That was a memorable day to me, for it made great changes in me. But it is the same with any life. Imagine one selected day struck out of it, and think how different its course would have been. Pause you who read this, and think for a moment of the long chain of iron or gold, of thorns or flowers, that would never have bound you, but for the formation of the first link on one memorable day.
― Charles Dickens, Great Expectations
This was one memorable day.
Every March, Bookmania and the Martin County Library System showcase the best literary talents from around the country. As soon as the author/book list comes out, I start reading.
New York Times bestselling author Hampton Sides told a white-knuckle tale of polar exploration and survival in the Gilded Age.
Ice. You remember ice. Or maybe you are still in the midst of it. But not ice quite like this. Sides’ book is a pack-ice sprawl of history and storytelling that’s unforgettable.
In the Kingdom of Ice:The Grand and Terrible Voyage of the USS Jeanette recounts the harrowing and icy journey of 32 men deep into uncharted Arctic waters on a mission to discover the North Pole. Author Hampton Sides is, well, masterful.
The story of Captain George De Long who sailed into unknown seas and was trapped in pack ice for two years is riveting. With twists and turns worthy of a thriller, In the Kingdom of Ice is a spellbinding tale of heroism and determination in the most unforgiving territory on Earth.
An electric debut novel about inheritance, belief, and the tender relationship between a son and his ailing father, High as the Horses’ Bridles is the story of Josiah Laudermilk, who as a 12-year-old preaching prodigy, delivered an unplanned sermon describing a strange vision that ultimately defines the rest of his life. Decades later when Josiah (now Josie) is grown and has long since left the church, he returns home to care for his father Gill. Memories of the past overwhelm him at every turn and he’s completely unprepared for what he finds.
This is Scott Cheshire’s first book. It’s both human and divine. Don’t take my word for it. Colum McCann and Claire Messud (and many many others) agree. Cheshire is writing about where he comes from ~ as a child preacher, a Jehovah’s Witness, steeped in the faith’s apocalyptic visions.
Cheshire is a sincerely nice guy. I could listen to him all day.
The title? It’s from the Book of Revelations.
Historical novelists, Patricia Harman (The Reluctant Midwife) and Mary Doria Russell (Epitaph: A Novel of the O.K. Corral) were on the panel with Cheshire.
Looking for an addicting mystery series?
Cara Black, Murder on the Champs de Mars, does tons of research in France and her books are vibrant, living, breathing adventures. She told us she loves maps, riding the bus, and getting it right. Boy, does she.
Her character, Private Investigator Aimée Leduc, takes on a personal investigation for a poor French Gypsy boy.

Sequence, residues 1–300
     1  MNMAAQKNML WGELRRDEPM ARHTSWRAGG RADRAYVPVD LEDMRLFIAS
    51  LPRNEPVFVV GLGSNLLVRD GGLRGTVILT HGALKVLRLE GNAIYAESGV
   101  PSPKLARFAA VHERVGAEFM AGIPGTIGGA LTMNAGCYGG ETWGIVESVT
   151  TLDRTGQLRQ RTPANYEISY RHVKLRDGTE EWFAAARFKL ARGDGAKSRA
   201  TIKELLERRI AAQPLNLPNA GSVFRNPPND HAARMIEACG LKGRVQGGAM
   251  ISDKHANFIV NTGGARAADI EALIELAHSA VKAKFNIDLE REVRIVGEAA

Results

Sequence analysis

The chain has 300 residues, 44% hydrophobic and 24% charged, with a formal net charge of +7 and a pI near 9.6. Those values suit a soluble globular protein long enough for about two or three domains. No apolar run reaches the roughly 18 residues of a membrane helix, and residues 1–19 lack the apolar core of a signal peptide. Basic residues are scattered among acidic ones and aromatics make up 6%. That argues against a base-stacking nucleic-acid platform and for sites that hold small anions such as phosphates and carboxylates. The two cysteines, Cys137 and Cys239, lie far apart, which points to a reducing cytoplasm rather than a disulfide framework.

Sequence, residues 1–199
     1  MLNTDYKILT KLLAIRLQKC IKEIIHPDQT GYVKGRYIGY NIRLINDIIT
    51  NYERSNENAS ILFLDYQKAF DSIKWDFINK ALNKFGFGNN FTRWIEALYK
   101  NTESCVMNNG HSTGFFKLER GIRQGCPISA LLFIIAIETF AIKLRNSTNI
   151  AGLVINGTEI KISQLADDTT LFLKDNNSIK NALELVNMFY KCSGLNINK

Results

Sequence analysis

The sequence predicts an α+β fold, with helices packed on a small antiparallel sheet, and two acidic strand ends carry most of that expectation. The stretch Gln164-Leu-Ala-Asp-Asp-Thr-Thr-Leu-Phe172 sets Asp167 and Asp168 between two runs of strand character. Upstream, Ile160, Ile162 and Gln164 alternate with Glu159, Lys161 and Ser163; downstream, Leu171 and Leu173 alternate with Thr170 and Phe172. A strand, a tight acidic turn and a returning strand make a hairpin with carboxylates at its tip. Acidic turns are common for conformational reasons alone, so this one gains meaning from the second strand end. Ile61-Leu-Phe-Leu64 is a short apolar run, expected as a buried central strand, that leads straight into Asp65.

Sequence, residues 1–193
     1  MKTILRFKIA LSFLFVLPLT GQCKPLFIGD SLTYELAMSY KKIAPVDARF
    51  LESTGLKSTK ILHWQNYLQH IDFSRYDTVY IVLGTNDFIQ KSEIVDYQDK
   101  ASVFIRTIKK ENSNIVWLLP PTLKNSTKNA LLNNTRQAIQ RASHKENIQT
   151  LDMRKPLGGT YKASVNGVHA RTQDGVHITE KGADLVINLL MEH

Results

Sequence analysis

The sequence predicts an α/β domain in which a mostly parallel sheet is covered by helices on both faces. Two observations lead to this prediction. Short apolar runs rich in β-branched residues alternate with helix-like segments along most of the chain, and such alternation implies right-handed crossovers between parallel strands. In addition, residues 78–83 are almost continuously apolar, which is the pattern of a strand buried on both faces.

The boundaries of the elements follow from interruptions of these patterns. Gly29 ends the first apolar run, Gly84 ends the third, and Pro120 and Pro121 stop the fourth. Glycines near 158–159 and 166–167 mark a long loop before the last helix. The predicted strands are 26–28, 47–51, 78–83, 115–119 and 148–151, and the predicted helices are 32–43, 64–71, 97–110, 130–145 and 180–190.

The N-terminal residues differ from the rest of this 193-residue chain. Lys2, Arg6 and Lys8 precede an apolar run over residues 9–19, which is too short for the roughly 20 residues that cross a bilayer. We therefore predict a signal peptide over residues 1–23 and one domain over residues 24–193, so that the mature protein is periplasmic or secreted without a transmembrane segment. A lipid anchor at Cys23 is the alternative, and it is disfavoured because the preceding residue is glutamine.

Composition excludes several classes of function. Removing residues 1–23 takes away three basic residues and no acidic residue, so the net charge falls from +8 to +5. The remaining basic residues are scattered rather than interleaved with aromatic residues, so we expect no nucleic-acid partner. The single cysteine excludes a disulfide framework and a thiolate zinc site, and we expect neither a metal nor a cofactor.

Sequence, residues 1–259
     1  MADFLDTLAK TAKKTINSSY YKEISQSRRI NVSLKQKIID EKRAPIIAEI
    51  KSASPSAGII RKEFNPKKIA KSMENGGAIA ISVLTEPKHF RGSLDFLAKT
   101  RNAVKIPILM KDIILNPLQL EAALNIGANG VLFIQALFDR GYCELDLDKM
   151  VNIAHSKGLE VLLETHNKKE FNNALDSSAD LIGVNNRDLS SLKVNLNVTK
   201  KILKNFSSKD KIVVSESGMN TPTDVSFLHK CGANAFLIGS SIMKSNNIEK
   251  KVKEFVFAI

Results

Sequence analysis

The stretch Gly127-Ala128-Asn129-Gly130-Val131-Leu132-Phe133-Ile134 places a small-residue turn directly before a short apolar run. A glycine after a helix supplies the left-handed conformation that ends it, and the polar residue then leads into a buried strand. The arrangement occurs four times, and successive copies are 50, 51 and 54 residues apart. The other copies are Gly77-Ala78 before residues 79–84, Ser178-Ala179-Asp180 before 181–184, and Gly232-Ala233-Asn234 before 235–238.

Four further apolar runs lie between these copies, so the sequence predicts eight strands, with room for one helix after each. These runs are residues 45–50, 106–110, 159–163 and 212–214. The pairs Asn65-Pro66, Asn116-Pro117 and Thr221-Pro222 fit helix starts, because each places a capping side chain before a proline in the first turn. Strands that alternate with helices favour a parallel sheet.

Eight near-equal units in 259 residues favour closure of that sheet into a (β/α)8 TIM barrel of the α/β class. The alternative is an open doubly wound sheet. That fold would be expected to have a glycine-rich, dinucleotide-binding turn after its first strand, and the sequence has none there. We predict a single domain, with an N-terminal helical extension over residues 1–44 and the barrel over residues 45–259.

Authors Lisa Black, Close to the Bone, and Lis Wiehl, Lethal Beauty, joined Cara Black on the mystery panel.
After lunch and plenty of time for schmoozing with the authors, the great new writers took the stage. And stole the show.
Spanning India in the 1970s to New Mexico in the 1980s to Seattle in the 1990s, The Sleepwalker’s Guide to Dancing is a winning irreverent novel about a family wrestling with its future and its past.
In Jack Livings’ rich story collection, The Dog, a wealthy factory owner—once a rural peasant—refuses to help the victims of an earthquake until his daughter starts a relief effort of her own; a marginalized but powerful Uyghur gangster clashes with his homosexual grandson; and a dogged journalist is forced to resign as young writers in ‘pink Izod golf shirts and knockoff Italian loafers’ write his stories out from under him.
The final panel talked about their Hollywood encounters, that slippery slope from book to film. I learned that books have about 80,000 words, screenplays a mere 20,000. The authors agreed that books are ‘reconceived’, not reproduced, on the screen.
Joseph Kanon, author of The Good German, wrote and sold his dramatic saga of intrigue and love set against the tumultuous backdrop of Berlin in 1945. It follows Jake Geismar, a former Berlin correspondent for CBS assigned to do a series of articles on the American occupation of Berlin, as he tries to find Lena, the German mistress he left behind, and stumbles into a dark underworld of corruption. The Warner Bros. film, directed by Steven Soderberg, was released in 2006 and stars George Clooney, Cate Blanchett, and Tobey Maguire.
Laura Lippman (her husband is the brilliant mind behind The Wire and does she have stories to tell!) wrote and sold Every Secret Thing, a riveting story of love and murder, guilt and innocence, adult sins and childhood darkness. It’s the tale of a terrible event that devastates three families, after two young girls discover an unsupervised baby on an empty street. The cast includes Diane Lane, Elizabeth Banks, Dakota Fanning, and Danielle Macdonald.
Peter Swanson wrote and optioned The Girl with a Clock for a Heart, an electrifying tale of romantic noir, with shades of Hitchcock.
I can’t wait for the next Bookmania. Maybe some authors I know will be there. Meet Nancy and Patricia and Art. I put their names in the suggestion box. Imagine, it might just be the formation of the first link to their next memorable day.
*The Sunday Coze returns.